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Tree Frogs are common inhabitants of the humid lowlands in central
and southwestern Costa Rica. These large tree frogs may measure
anywhere from 70 to 90 millimeters and are easily distinguished by a
pencil thin line that runs from the tip of their snout to the middle
of their back.
A close inspection of their
hands will also reveal a prepollex spine that protrudes
next to their thumbs, which is of vital importance during their
Gladiator Tree Frogs spend
most of their lives in the tree tops. This is where they rest during
the day and where they spend the driest part of dry season.
During their breeding season
males descend from the
canopy to marshy areas.
There they excavate a nest which may measure between 100 and
300 millimeters in diameter. Once the nest is completed and fills
with water, the male jumps in the nest and begins to call out to the
Their call is
very distinctive and could be described as low hammering on a hollow
If a female is attracted by
the call, she will
approach the calling male and enter his nest. As she is approaching,
the male starts a courtship call which has a lower intensity
than his advertising call.
While the male is engaged in his
courtship call, the female inspects his nest to see if it meets
her criteria. Studies have shown that females have high standards
and usually reject the male and his nest about fifty percent of the
During the inspection, the female
may frequently bump the male. If she
really likes the nest, she will give the male a full body massage! The male
will then mount the female in axillary amplexus, as shown in the
Once in amplexus, the female
may spend up to 3 hours renovating the nest! She may lay over 3000
eggs in total.
process takes about 10 minutes. The eggs float on the surface of the
water and normally hatch within two or three days.
time, the parent male patrols and aggressively guards his nest site.
Given the chance, rival Gladiator Tree Frog males may jump in the
nest. Such an attack would have disastrous repercussions, breaking
the nest's surface tension and causing the eggs to sink and drown.
It is during these crucial hours, while their eggs are developing,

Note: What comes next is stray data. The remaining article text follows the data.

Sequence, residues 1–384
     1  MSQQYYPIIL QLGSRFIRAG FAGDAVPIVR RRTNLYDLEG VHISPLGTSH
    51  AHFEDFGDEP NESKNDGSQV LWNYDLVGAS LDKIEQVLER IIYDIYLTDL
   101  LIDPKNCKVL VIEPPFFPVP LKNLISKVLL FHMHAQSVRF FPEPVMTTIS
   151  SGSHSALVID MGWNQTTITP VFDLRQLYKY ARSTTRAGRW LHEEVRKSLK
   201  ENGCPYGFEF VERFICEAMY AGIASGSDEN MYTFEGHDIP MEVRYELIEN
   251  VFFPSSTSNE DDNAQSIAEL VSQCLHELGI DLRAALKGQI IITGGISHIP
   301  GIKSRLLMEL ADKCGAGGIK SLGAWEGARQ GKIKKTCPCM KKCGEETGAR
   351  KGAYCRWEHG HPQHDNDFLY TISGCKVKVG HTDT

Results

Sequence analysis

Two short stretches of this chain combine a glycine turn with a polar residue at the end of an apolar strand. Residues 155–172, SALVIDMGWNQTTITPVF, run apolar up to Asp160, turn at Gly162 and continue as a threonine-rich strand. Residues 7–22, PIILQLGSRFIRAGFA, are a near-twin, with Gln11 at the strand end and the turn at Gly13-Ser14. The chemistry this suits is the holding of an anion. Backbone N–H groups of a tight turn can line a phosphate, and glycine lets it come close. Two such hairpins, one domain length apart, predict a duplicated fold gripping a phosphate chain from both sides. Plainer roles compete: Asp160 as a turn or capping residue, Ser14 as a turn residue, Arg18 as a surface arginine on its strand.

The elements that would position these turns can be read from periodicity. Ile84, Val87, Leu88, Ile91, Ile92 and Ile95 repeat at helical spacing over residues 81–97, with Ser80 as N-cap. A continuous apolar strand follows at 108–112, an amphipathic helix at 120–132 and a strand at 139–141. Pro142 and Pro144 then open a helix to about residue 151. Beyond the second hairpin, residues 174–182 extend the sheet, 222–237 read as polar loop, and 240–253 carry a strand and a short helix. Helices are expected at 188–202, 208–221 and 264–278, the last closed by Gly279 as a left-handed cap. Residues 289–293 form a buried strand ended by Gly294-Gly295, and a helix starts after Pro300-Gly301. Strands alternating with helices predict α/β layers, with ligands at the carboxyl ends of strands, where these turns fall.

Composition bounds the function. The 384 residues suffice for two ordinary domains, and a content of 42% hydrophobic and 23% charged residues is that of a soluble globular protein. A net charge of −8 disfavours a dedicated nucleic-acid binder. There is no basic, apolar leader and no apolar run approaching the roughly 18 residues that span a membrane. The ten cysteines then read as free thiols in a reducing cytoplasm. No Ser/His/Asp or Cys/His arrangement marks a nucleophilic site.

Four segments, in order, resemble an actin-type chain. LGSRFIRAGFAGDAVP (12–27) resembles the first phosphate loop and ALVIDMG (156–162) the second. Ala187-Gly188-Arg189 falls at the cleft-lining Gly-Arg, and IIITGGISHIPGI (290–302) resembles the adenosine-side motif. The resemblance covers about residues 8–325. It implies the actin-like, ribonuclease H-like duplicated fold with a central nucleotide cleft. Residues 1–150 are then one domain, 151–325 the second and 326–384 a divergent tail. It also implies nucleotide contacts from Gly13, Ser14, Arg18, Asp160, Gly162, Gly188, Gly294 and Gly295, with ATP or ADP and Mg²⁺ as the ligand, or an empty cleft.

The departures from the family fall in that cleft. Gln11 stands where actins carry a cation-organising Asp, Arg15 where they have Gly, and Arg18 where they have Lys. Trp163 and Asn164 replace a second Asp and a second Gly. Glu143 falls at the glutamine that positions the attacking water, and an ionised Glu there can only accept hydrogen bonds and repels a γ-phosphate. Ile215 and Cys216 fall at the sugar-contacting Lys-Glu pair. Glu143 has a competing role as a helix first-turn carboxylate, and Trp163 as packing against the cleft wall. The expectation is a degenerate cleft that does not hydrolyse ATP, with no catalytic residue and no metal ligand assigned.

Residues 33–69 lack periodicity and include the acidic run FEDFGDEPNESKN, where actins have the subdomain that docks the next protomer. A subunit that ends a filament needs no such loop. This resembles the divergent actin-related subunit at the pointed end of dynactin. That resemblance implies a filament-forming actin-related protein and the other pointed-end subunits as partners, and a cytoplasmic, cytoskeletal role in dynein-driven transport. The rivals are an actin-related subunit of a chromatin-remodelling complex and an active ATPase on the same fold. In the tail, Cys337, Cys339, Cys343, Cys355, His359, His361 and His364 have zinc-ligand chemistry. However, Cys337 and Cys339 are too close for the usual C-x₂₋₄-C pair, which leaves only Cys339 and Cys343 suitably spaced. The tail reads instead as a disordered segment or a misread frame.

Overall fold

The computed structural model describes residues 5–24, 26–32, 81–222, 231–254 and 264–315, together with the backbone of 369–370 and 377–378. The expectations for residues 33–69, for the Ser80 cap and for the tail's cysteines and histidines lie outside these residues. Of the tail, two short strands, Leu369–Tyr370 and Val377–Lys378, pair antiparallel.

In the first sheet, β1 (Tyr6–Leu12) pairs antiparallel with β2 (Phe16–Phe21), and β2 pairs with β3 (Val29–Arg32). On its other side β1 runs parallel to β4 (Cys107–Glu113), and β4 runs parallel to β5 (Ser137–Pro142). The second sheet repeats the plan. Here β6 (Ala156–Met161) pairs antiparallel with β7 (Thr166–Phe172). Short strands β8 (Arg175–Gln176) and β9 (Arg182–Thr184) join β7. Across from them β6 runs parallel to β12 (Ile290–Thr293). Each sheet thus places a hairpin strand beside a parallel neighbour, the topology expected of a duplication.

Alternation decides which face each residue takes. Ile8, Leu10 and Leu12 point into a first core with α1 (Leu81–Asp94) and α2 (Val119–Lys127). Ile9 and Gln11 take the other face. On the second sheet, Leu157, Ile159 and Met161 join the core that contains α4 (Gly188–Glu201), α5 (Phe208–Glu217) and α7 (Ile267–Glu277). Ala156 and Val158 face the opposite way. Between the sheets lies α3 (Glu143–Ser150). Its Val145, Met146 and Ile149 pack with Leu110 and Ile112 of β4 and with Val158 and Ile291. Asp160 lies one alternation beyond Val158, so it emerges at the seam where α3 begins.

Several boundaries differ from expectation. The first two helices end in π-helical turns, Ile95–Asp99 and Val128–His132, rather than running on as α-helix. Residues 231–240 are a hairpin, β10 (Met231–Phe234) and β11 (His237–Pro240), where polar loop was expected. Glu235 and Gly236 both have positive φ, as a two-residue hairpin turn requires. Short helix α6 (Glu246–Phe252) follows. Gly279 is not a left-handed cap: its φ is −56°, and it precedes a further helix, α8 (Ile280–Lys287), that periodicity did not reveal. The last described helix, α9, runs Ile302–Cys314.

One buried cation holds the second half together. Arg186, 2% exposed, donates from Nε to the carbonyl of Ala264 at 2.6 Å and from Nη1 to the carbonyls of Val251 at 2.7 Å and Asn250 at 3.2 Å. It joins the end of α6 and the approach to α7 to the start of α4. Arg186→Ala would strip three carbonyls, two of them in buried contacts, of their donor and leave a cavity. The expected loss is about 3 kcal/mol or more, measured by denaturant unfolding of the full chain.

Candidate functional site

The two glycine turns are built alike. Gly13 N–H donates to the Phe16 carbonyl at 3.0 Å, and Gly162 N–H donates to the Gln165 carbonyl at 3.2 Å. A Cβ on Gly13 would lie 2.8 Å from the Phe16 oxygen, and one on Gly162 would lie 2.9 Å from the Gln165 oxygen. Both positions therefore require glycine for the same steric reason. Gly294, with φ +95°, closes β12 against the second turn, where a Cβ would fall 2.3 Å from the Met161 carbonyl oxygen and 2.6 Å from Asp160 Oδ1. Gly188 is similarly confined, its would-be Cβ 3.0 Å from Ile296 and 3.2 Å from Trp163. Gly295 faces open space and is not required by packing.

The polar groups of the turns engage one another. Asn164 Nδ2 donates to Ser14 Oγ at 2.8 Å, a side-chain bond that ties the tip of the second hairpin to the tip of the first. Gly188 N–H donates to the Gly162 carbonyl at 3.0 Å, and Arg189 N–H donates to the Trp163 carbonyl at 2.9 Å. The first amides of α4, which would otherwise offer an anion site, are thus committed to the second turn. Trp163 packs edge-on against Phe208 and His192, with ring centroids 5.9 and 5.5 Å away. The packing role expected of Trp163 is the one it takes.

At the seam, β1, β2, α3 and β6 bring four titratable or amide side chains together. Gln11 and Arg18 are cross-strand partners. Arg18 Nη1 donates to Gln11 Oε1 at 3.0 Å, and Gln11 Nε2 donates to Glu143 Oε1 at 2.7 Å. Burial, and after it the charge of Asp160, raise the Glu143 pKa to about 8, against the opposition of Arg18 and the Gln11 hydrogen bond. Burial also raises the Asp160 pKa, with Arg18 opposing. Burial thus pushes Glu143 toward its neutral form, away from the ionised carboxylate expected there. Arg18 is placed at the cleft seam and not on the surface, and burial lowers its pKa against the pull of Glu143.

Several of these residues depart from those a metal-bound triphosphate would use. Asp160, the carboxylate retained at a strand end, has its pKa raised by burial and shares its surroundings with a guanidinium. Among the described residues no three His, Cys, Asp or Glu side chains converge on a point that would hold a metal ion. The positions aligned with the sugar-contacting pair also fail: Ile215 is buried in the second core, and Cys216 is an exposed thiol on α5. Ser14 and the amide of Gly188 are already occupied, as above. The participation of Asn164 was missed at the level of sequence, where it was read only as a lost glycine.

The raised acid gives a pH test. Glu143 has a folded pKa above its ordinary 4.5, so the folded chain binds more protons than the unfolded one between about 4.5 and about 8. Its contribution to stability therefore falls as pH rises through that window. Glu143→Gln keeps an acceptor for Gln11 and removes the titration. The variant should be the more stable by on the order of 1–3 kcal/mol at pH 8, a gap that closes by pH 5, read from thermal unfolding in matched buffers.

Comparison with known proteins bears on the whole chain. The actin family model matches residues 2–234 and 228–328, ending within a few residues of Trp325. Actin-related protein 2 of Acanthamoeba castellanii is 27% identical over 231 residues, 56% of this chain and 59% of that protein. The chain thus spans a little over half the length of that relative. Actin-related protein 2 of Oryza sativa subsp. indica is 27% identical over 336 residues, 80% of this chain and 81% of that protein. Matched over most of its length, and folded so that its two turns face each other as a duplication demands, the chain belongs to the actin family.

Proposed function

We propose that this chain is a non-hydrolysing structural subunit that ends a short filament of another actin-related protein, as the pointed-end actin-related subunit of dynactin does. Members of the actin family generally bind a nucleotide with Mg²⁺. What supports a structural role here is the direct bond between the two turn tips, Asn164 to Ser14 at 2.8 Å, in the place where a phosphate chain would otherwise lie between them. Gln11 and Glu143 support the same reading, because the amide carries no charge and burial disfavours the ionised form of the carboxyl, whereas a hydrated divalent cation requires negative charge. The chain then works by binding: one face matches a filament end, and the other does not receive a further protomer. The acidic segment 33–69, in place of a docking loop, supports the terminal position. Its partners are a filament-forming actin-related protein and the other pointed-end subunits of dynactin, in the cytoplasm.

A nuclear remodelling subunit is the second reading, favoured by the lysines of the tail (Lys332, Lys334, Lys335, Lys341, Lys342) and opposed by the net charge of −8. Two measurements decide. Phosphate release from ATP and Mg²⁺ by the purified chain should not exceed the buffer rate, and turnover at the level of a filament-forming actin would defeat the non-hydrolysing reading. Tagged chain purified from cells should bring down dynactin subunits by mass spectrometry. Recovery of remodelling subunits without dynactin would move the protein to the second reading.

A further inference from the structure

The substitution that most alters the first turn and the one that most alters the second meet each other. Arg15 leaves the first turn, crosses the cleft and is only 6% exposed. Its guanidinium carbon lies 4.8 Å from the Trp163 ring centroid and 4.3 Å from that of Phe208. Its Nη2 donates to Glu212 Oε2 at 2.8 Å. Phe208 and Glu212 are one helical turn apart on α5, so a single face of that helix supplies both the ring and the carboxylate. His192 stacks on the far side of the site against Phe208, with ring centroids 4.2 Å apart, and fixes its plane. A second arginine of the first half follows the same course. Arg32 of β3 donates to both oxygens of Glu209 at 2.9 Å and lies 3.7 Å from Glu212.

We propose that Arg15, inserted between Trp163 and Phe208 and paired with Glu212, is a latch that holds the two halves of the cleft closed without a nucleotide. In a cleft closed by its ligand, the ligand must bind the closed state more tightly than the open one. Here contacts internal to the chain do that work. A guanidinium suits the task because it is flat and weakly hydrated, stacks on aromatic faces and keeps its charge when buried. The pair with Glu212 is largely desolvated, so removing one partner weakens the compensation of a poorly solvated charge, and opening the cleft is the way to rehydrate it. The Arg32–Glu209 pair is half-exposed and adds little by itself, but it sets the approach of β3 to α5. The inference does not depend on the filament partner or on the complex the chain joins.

that Gladiator Tree Frogs really live up to their name and
an intruder is detected nearby, a series of territorial and
encounter calls are emitted by the parent male. These may include
chuckles, hisses, mews, barks and growls. If the intruder is
undeterred, the parent male will try to chase him away or tackle him in
order to keep the dead beat male away from his nest.
Once the conflict gets physical, it
can quickly turn brutal.
Battling males use their prepollex spines as weapons and immediately attempt to gouge out their opponent's eyes and break
their eardrums. These duels will often result in permanent damage to
the frogs and the battle may ensue until one of them has been
killed. Studies have shown that most male frogs suffer permanent
damage during mating season.
If the parent male is successful
in protecting his offspring, and they manage to hatch, it may take about 40 days for the tadpoles to complete their
When they emerge from the water, still sporting their tadpole tail,
they are covered with small dark spots.
The individual featured here was photographed in Drake Bay.
Tree Frogs are only known to exist in Costa Rica, Panama, and parts
of Ecuador and Colombia.
2001 A Guide to Amphibians and Reptiles of Costa Rica
Savage, J. 2002 The Amphibians and Reptiles of
Costa Rica University of Chicago Press
Meet the Bug Lady
Tales from the
about Drake Bay, Costa Rica
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